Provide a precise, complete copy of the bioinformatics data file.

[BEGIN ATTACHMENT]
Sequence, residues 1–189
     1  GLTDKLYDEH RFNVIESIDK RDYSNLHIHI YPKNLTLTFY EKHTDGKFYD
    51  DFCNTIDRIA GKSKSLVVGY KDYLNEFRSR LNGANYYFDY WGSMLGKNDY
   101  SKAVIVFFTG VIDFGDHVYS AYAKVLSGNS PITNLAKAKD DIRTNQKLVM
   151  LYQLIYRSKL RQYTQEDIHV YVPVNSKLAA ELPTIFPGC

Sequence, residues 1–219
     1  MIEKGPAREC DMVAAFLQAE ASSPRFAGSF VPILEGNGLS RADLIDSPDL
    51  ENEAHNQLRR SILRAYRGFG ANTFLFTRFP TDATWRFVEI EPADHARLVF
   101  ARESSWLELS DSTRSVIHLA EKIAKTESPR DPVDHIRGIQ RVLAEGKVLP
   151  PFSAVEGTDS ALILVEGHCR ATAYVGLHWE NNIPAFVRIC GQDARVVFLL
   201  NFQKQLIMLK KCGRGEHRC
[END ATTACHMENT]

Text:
Sequence, residues 1–189
     1  GLTDKLYDEH RFNVIESIDK RDYSNLHIHI YPKNLTLTFY EKHTDGKFYD
    51  DFCNTIDRIA GKSKSLVVGY KDYLNEFRSR LNGANYYFDY WGSMLGKNDY
   101  SKAVIVFFTG VIDFGDHVYS AYAKVLSGNS PITNLAKAKD DIRTNQKLVM
   151  LYQLIYRSKL RQYTQEDIHV YVPVNSKLAA ELPTIFPGC

Sequence, residues 1–219
     1  MIEKGPAREC DMVAAFLQAE ASSPRFAGSF VPILEGNGLS RADLIDSPDL
    51  ENEAHNQLRR SILRAYRGFG ANTFLFTRFP TDATWRFVEI EPADHARLVF
   101  ARESSWLELS DSTRSVIHLA EKIAKTESPR DPVDHIRGIQ RVLAEGKVLP
   151  PFSAVEGTDS ALILVEGHCR ATAYVGLHWE NNIPAFVRIC GQDARVVFLL
   201  NFQKQLIMLK KCGRGEHRC